"But when there comes the Deafening Blast - that Day a man will flee from his brother, and his mother and his father, and his wife and his children. For each one of them that Day will have enough preoccupations of his own. Some faces, that Day, will be bright – laughing, rejoicing at good news. And other faces, that Day, will have upon them dust. Blackness will cover them. Those are the disbelievers, the wicked ones." (Quran 80: 33-42)
‘The Deafening Blast,’ or ‘The Stunning Blast’ is the nearest translation of the term, As-Sakhkhah, one of the names of the Day of Judgment in Arabic, the end of all delight and enjoyment.
If you hear the Arabic word recited, you would know that it carries a very sharp tone; it almost pierces the ears.
This effect simply prepares us for the following scene in which we see "that Day a man will flee from his brother, and his mother and his father, and his wife and his children." (Quran 80: 34-36).
Such ties between a person and his nearest relations cannot be severed in the normal course of events. Yet the deafening blast destroys these very links and throws them up into the air.
In this world the relations between siblings may often turn sour but one cannot even think to be separated from the parents. The calamity of that Day will be so great that even parents will lose their significance as well as spouses and children.
"Fleeing" may mean that when he sees those who were nearest and dearest to him in the world, in distress, instead of rushing forth to help them, he will run away from them in case they should call out to him for help.
It may also mean that when they see the evil consequences of sinning for one another and misleading one another, fearless of God and heedless of the Hereafter in this life, each one would flee from the other in case the other holds him responsible for his deviation.
These are the same people for whom we live. Just to keep them happy we give up other important things, even ignoring the rights of God. How often we hear this excuse that we cannot follow such and such because our families don’t like it. But then why do they become strangers on that Day when we will be in most need of help?
This is the reality we must face: each one of us will be so engrossed with our own concern that it will be impossible for us to consider anyone else. It is a very important reminder from God that even though we must give the rights of our loved ones, it is not appropriate that we disobey God because of them. Because no matter how much they seem to love us today they will not help us in the life to come.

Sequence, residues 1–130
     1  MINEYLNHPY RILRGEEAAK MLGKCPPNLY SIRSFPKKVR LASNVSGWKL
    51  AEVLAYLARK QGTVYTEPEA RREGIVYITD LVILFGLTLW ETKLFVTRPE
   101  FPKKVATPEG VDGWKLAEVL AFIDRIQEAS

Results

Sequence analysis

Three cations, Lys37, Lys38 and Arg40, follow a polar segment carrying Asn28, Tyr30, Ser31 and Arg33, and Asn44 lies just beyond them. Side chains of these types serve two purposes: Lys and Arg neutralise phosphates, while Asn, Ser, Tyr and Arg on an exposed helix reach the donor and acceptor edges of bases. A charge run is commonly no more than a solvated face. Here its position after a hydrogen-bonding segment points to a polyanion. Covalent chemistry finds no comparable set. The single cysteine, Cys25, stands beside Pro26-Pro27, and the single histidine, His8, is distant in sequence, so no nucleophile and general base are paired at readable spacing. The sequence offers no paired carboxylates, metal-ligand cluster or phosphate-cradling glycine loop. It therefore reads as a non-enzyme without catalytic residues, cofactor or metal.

The fearfulness depicted in this scene is purely psychological. It strikes the soul, isolates it, and holds it in its grip. The result is that each of us will think only of ourselves. None shall have any time or interest to think of others: "For each one of them that Day will have enough preoccupations of his own." (Quran 80:37) The description is vivid; there can be no shorter and yet more comprehensive statement to describe the general condition of worried minds and souls.
Aisha, the wife of the Prophet Muhammad once asked him:
"I’d like you to answer me one or two questions." He said: "Sure, if I have the answer." She asked: "How will the people be resurrected?" He said: "Naked and barefooted." (One version adds: "uncircumcised"). She was quiet for a while and then asked: "What about women?" He answered: "In the same state." She exclaimed: "Will they not look at each other?" The Prophet answered: "The affair will be much more serious than that." Then he recited this verse, "For each one of them that Day will have enough preoccupations of his own."
The people who understood this fact in this world and made God their focus of life, naturally have to put up with a lot of difficulties in life but their end will be sweet and those who remained trapped in their own arrogance and did not believe in God’s revelations, will find themselves in a really difficult and painful situation.
"Some faces, that Day, will be bright – laughing, rejoicing at good news." (Quran 80:38-39) These verses describe the conditions of the believers after the two groups (believers and the unbelievers) have been assigned their values by divine standards and given their respective positions. These faces beam with a happiness overflowing with delight. They are hopeful and reassured because they feel that their Lord is pleased with them. These people are spared the terror of the deafening blast, so they can afford to smile and demonstrate their joy. Or probably the smiles and manifestations of happiness are seen after these people have realized the good end awaiting them.
"And other faces, that Day, will have upon them dust. Blackness will cover them. Those are the disbelievers, the wicked ones." (Quran 80:40-42) These faces are covered with the dust of sadness and misery, darkened with humiliation and depression. They know what they have done in this life and they await their inevitable punishment. These people were devoid of faith. They did not believe in God or in the divine message. Moreover, they are hardened in their erring and sinful ways. They persistently violated divine commandments. The destiny of each group is portrayed in their faces.
Such will be the end which we all have to face. Today, we can all ask ourselves what we are doing? Whom we are pleasing? On that final Day of Judgement, only God will be the judge, so how can we live our lives in contrast to His commands? Lets open our eyes to the truth and see the direction of our lives and adjust our sails accordingly!